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Computational Systems Biochemistry Group

Our research group is located at the Institute of Biochemistry of the Charité – Universitätsmedizin Berlin. Our research focus is the development of mathematical models of complex molecular reaction systems with emphasis on (A) metabolic regulation (liver, CNS, heart), (B) proteolysis and antigen presentation, and (C) self-organization of membranes and cellular organelles.

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Field of Interest

Metabolic Regulation

We are developing and using large-scale, molecular resolved, kinetic models for liver, brain and heart metabolism by modeling each enzyme with a kinetic rate equation. By including the regulatory properties of all enzymes these network models integrate the knowledge from decades of biochemical research and enable quantitative predictions of systems’ behavior. With these models, we are able to functionally interpret multi-omics data (proteomics, metabolomics) obtained by high-throughput methods and predict the cellular phenotype from its genotype.

Self-Organization of Membranes and Cellular Organelles

Biological membranes consist of a multitude of interacting lipids and proteins, which segregate into membrane domains with different composition and functionality. We are developing agent-based models to describe the formation of these membrane domains. One application of these models is the simulation of bile formation in the liver.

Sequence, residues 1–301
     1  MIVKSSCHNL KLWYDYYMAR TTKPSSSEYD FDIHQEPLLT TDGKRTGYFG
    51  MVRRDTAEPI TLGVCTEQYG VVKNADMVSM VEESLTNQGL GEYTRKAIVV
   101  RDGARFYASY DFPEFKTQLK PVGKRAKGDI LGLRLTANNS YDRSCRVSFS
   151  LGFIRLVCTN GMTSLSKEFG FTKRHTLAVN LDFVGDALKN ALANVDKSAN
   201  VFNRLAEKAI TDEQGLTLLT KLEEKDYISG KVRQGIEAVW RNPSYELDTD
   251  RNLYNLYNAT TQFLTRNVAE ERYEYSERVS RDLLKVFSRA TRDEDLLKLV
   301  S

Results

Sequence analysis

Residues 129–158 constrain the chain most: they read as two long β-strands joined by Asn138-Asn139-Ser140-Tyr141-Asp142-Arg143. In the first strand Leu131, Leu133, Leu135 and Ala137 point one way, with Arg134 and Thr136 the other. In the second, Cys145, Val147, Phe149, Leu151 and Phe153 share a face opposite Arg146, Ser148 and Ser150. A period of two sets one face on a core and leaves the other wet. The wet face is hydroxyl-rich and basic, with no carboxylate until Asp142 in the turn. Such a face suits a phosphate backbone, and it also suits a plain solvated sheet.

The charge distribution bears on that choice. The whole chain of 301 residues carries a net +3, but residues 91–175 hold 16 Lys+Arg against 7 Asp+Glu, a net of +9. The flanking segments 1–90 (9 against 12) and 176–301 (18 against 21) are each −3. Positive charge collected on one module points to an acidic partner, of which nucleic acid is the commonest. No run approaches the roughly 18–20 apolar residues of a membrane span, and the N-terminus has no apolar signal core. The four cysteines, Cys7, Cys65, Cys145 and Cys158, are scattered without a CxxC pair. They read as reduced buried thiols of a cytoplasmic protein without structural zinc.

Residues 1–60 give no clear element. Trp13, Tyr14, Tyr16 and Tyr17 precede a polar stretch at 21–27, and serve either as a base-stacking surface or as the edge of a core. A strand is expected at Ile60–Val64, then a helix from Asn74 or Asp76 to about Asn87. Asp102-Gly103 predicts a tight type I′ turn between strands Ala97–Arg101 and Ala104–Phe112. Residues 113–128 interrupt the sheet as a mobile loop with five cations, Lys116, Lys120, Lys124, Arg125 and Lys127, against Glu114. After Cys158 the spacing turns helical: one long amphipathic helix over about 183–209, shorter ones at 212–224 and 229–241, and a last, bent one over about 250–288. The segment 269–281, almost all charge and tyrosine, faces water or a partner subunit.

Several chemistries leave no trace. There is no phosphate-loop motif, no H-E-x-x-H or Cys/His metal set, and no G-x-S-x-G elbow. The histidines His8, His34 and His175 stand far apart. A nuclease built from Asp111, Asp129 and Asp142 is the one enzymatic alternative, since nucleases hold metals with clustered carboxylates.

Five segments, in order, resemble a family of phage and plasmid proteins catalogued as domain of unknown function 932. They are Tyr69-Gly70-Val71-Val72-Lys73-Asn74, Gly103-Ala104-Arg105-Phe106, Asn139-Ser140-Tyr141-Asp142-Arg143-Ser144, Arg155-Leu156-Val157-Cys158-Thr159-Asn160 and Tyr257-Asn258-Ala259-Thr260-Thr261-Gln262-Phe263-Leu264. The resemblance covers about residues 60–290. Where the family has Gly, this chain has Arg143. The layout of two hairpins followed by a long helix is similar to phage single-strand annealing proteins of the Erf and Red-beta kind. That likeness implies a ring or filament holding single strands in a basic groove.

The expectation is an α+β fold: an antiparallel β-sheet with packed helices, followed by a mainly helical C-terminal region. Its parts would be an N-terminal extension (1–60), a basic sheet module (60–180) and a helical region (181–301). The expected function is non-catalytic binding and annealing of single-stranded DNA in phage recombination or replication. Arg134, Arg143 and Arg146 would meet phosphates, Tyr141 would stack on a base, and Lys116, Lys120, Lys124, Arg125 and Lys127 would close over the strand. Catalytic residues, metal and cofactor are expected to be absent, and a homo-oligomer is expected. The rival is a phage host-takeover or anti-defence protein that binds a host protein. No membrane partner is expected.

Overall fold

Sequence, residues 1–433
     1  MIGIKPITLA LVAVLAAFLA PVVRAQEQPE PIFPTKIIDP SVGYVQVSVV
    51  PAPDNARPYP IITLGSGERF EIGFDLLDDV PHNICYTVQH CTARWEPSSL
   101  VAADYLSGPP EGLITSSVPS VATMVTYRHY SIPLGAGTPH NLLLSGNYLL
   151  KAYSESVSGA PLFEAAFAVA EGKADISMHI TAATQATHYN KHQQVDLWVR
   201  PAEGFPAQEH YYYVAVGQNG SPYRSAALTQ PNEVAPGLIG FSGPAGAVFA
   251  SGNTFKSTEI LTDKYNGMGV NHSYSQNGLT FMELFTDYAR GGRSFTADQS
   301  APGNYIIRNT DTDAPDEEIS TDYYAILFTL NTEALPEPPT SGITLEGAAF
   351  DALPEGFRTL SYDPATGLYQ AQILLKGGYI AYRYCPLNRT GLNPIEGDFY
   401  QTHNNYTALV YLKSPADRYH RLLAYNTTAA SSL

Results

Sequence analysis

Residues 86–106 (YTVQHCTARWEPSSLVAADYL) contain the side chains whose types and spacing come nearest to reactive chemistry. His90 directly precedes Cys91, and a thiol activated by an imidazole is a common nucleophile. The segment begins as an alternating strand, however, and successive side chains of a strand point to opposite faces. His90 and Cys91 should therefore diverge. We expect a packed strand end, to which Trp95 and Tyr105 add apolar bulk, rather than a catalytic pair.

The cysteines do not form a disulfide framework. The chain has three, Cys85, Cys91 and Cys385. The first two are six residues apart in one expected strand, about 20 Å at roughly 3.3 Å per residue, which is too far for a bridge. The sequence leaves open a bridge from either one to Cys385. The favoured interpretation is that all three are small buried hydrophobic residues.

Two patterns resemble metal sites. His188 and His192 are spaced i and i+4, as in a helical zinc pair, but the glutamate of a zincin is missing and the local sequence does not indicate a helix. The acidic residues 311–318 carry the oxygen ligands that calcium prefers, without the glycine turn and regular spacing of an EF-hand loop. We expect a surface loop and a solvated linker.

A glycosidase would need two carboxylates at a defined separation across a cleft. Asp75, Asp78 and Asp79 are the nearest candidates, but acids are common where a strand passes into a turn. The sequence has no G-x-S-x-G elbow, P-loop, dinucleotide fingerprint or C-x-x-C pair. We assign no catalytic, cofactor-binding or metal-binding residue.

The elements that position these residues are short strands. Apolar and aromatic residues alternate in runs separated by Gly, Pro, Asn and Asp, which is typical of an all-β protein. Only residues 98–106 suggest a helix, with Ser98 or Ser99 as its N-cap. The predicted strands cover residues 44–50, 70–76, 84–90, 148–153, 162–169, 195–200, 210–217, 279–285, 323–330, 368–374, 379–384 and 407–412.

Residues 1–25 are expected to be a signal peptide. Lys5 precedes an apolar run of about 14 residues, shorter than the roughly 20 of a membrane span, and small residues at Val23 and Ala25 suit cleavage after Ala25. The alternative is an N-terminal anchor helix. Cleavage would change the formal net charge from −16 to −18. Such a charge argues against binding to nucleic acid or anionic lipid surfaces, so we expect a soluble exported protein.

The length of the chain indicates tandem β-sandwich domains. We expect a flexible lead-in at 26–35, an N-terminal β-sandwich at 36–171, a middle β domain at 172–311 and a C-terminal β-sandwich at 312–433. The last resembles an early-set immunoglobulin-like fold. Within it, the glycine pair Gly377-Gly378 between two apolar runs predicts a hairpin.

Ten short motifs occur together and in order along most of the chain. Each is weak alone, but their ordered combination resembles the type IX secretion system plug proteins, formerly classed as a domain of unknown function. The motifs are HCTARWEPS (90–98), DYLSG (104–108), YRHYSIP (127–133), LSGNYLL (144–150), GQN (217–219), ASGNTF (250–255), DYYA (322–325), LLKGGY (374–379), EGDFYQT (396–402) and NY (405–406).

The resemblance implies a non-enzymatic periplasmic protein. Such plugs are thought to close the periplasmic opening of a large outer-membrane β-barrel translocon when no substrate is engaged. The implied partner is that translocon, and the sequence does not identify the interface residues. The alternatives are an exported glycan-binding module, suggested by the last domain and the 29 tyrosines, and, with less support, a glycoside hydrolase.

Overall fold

Steatosis hepatis is a potentially harmful condition characterized by excessive intrahepatic lipid accumulation. Lipid droplets are the intracellular organelles that regulate the storage and availability of lipids in the liver. We are developing and using kinetic models to investigate the lipid droplet metabolism to better understand pathological changes underlying hepatic fat accumulation.

Formation, degradation and renewal of cellular organelles are dynamic processes based on permanent budding, fusion and inter-organelle traffic of vesicles. Vesicles play key roles in the intracellular communication and intracellular transport of substances and are important for the self-organization of cellular structures. To better understand cellular self-organization we are developing and using agent-based models of intracellular vesicle dynamics.